My friend’s death humbles me.
In general, I think death can serve as an important reality check for us all; a harsh reminder that life as we know it is indeed temporary. However, Cut Short is (yes, present tense, as I’m confident her cancer free soul is gloriously celebrating) extraordinarily special.
Her life on earth was entirely too short, but in the years with which God blessed her and everyone who was touched by her, she made an incredible impact. I met Cut Short in college as we rushed the same music fraternity. As I looked back through some of the memorabilia I have, I feel honored to have her signature among my things. She had a heart so full of love for music and people, a sharp and silly sense of humor, and a talent brilliant enough to make even the most confident musician doubt her competence. Precocious not only in intelligence but in wisdom, her down to earth manner put even the most insecure at ease. Cut Short was evidence that the best things often come in small packages; the only challenge she seemed to have in those days was a vertical one.
Then Leukemia. Ugh.
I will never forget her calling me and my stepping out of a practice room to take her call while we were in grad school. She spoke with confidence that she would be able to beat it. And she did, like the champ she is. At least – the first time. Sadly, she had to undergo additional treatment last year. She still maintained her cheerful, upbeat demeanor each time we spoke, this time knowing exactly what lay ahead.
I am sad to say that though we kept in touch via Facebook, phone, and email, I didn’t take the time to see Cut Short when I had the opportunity. I mean – she’s Cut Short. She beat odds left and right. How was I supposed to know the last opportunity I would have to see her would actually be the LAST? As I heard her battle here was ending, I reflected on how she’s touched me and desperately hope that I made that evident to her at some point. I felt guilty for occasionally envying her awesomeness. That’s just like Cut Short though – still moving people to be better without lording anything over anyone.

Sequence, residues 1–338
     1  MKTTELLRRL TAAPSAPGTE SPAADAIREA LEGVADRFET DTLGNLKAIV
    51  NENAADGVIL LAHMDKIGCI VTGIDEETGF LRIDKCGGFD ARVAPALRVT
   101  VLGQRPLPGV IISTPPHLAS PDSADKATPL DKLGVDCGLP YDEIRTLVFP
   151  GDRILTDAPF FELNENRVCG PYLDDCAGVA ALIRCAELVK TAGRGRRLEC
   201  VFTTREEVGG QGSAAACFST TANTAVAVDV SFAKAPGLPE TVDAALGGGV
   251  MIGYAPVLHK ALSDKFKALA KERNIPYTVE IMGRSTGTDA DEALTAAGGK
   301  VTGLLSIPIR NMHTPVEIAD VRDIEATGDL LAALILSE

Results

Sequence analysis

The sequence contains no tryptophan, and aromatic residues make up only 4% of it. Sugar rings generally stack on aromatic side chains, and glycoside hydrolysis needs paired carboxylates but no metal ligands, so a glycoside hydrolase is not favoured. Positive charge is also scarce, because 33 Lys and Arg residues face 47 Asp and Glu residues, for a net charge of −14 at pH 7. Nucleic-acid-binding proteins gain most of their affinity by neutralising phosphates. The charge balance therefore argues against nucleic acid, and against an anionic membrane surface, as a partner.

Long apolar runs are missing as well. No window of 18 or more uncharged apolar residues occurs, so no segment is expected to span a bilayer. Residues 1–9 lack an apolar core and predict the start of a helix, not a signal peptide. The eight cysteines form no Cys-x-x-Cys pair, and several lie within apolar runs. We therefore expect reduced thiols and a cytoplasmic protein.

At her memorial service, there was an invitation for her friends and others to be a part of the choir. I am no singer but I leapt at the opportunity. Being among those who love and miss her was both heart-wrenching and joyous. I am definitely a cryer, but I’ve learned over the years that it is difficult to both cry and perform at the same time. I had mixed emotions about the choice to sing because I knew I needed to cry for her and didn’t think I would be able to. Well – I did cry. But not too much. The privilege of singing goodbye for now for my friend allowed me not only to mourn our loss but celebrate both her life and how she continues to touch those around her. Even in her death, Cut Short helped me to see all with which I am blessed. Love. Music. Health. That’s just how she rolls.
Cut Short. I’m sorry I didn’t come see you in July. For my own sake I hope I don’t see you too soon. But I WILL see you. Thanks for being a part of my life.
2005 🙂 Cut Short is being awesome on the far left!